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“Barbecues Around The World” 

“Barbecues Around The World” 

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Barbecue remains one of the most traditional foods in the United States. While many festive foods, such as roasted turkey or ham, are usually served on particular days or holidays, barbecue can be served on any day. Barbecue is often served on the Fourth of July, however, it is not only confined to that day. Barbecues tend to bring people together and serve as a bonding experience at any time of the year. It brings people back to their roots, providing a cooking experience that is often an escape from civilization and closer to nature.[22] Barbecues are traditionally held outside. They could be small informal gatherings with a few of people in a backyard or a formal event that could last all day, typically held for larger amounts of people. Barbecue has been a tradition in the United States beginning with Native Americans. As author Andrew Warnes states, “its mythology of savagery and freedom, of pleasure, masculinity and strength” is part of what makes barbecues so popular to date.[23] By the 19th century barbecues became one of the main forms of United States public celebration, especially in celebration of July 4.[24] As barbecues continued to be held through the times of U.S. expansion the traditions began to migrate with the people. Today barbecues held in different regions of the country vary in cuisine but the cuisines all hold the same concept of cooking outside and over a fire.[25] Barbecues today have taken on new meaning yet again with the emergence of competitive barbecue. Competitive barbecue competitions are held throughout the country in which people will compete by cooking barbecue and having it judged by the events judges. The constraints of what one may barbecue and the qualities that are judged vary by competition. Usually competitions are held in big open areas where spectators will be admitted as well and barbecue is served to all.[26][27]

TechniquesEdit

Barbecue cooking  using smoke at low temperatures

Barbecuing encompasses four or five distinct types of cooking techniques. The original technique is cooking using smoke at low temperatures—usually around 240–280 °F or 115–145 °C—and significantly longer cooking times (several hours), known as smoking. Another technique, known as baking, used a masonry oven or baking oven that uses convection to cook meats and starches with moderate temperatures for an average cooking time of about an hour. Braising combines direct, dry heat charbroiling on a ribbed surface with a broth-filled pot for moist heat. Using this technique, cooking occurs at various speeds, starting fast, slowing down, then speeding up again, lasting for a few hours.[28][29]

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Grilling is done over direct, dry heat, usually over a hot fire over 500 °F (260 °C) for a few minutes. Grilling may be done over wood, charcoal, gas, or electricity. The time difference between barbecuing and grilling is because of the temperature difference; at low temperatures used for barbecuing, meat takes several hours to reach the desired internal temperature.[30][31]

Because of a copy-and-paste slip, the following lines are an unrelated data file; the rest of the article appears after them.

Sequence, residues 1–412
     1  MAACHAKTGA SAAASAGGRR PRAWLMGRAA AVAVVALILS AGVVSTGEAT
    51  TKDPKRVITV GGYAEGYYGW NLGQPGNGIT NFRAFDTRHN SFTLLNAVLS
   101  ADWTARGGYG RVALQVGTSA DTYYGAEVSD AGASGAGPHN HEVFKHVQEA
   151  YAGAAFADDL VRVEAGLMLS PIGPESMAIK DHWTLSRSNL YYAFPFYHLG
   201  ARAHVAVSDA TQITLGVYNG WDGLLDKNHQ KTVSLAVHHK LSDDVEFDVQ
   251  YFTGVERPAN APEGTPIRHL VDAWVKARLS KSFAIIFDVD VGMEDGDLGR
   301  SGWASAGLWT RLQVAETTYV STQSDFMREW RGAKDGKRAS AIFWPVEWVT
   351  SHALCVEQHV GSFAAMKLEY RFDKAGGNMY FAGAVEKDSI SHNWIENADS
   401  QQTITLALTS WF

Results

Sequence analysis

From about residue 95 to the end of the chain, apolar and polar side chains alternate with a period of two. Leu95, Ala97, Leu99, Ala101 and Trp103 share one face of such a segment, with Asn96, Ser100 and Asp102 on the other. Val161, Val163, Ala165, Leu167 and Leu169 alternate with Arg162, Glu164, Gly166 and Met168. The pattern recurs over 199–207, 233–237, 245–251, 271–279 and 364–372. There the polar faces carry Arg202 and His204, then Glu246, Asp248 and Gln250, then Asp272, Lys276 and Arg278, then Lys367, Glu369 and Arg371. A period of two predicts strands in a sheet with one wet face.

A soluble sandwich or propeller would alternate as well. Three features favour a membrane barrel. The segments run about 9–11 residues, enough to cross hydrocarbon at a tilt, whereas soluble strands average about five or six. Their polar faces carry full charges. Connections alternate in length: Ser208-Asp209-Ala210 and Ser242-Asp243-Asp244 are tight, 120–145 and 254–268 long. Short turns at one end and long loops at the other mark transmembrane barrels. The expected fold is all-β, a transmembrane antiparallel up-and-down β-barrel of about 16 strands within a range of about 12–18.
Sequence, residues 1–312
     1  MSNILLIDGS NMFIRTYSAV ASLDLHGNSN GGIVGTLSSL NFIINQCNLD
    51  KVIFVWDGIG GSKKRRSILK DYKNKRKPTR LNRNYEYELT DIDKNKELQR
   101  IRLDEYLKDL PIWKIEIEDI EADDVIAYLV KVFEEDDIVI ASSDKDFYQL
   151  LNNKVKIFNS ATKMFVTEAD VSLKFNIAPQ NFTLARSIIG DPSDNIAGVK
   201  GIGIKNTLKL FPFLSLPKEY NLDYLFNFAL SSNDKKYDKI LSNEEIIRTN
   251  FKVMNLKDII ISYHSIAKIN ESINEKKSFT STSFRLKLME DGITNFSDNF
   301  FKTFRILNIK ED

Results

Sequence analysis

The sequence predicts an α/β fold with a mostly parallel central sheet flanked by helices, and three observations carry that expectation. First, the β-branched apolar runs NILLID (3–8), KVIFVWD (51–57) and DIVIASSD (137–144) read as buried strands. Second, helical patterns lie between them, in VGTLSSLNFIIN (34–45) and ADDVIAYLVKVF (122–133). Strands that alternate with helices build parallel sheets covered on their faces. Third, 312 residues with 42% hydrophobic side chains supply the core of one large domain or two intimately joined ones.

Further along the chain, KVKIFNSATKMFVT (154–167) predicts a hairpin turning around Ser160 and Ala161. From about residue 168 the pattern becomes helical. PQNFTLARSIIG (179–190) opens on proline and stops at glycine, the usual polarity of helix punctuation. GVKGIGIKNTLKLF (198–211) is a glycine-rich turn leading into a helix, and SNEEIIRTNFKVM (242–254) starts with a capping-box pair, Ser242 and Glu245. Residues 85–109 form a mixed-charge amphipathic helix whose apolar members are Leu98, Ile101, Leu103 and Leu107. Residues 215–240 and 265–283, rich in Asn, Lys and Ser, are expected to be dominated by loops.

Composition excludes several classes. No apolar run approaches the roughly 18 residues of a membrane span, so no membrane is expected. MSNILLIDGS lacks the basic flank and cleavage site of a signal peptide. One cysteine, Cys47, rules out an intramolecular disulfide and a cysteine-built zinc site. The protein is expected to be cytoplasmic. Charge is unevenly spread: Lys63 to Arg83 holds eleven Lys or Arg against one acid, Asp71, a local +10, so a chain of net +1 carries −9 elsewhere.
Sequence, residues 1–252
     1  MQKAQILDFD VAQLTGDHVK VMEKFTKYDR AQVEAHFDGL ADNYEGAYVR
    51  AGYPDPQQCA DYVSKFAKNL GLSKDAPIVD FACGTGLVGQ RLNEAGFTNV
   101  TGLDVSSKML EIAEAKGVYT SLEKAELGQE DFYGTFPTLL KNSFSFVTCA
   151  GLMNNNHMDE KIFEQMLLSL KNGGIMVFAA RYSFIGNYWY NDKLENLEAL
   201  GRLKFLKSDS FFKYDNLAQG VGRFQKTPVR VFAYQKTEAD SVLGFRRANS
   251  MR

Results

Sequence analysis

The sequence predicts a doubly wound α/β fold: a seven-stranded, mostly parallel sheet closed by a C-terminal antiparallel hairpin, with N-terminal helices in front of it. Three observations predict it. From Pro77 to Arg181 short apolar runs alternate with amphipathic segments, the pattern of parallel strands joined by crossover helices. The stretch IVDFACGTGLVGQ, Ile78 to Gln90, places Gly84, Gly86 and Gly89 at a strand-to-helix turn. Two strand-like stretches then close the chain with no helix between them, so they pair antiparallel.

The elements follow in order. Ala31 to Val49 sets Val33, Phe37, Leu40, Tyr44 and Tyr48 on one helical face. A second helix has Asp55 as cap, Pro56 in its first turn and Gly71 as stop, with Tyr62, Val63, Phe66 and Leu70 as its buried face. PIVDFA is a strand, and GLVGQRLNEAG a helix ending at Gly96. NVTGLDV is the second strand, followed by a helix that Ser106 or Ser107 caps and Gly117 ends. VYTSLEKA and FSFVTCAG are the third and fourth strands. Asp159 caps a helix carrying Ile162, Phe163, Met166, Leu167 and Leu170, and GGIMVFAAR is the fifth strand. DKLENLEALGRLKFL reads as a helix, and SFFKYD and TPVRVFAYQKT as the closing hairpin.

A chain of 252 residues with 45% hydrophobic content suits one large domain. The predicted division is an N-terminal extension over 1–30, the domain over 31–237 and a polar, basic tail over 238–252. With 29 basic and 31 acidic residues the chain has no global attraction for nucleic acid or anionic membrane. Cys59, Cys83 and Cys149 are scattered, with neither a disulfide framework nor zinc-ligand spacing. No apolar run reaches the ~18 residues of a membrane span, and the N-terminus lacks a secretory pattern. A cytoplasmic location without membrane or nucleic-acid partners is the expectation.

SmokingEdit

Chicken, pork and bacon-wrapped corn cooked in a barbecue smoker

Smoking is the process of flavoring, cooking, and/or preserving food by exposing it to smoke from burning or smoldering material, most often wood. Meat and fish are the most common smoked foods, though cheeses, vegetables, nuts, and ingredients used to make beverages such as beer or smoked beer are also smoked.[32][full citation needed]

RoastingEdit

The masonry oven is similar to a smoke pit; it allows for an open flame but cooks more quickly and uses convection to cook. Barbecue-baking can also be done in traditional stove-ovens. It can be used to cook meats, breads and other starches, casseroles, and desserts. It uses direct and indirect heat to surround the food with hot air to cook, and can be basted in much the same manner as grilled foods.[33]

BraisingEdit

It is possible to braise meats and vegetables in a pot on top of a grill. A gas or electric charbroil grill are the best choices for barbecue-braising, combining dry heat charbroil-grilling directly on a ribbed surface and braising in a broth-filled pot for moist heat. The pot is placed on top of the grill, covered, and allowed to simmer for a few hours. There are two advantages to barbecue-braising; it allows browning of the meat directly on the grill before the braising. It also allows for glazing of meat with sauce and finishing it directly over the fire after the braising. This effectively cooks the meat three times, which results in a soft, textured product that falls off the bone. The time needed for braising varies depending on whether a slow cooker or pressure cooker is used; it is generally slower than regular grilling or baking, but quicker than pit-smoking.[citation needed]

Wiikipedia.org

 
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Posted by on June 26, 2017 in brunch

 

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“Real” Dancing Frog Legs – You Have Been Warned!

Food blog: Are frogs on their last legs?

http://magspace.ru/blog/


Why we shouldn’t eat frogs’ leg…

Every year, the French nibble away at 4,000 tonnes of frogs’ legs. But that’s nothing compared with the vast number being eaten in Asia, South America and even the US. And it’s pushing the world’s frog population towards extinction, says Jon Henley.

https://www.theguardian.com/lifeandstyle/2009/aug/07/frogs-legs-extinction

 
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Posted by on June 26, 2017 in brunch

 

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“COFFEES FROM AROUND THE WORLD….” – On YouTube

interestingly, every culture has its own taste and coffee preparation. View the various simple barista techniques, right here: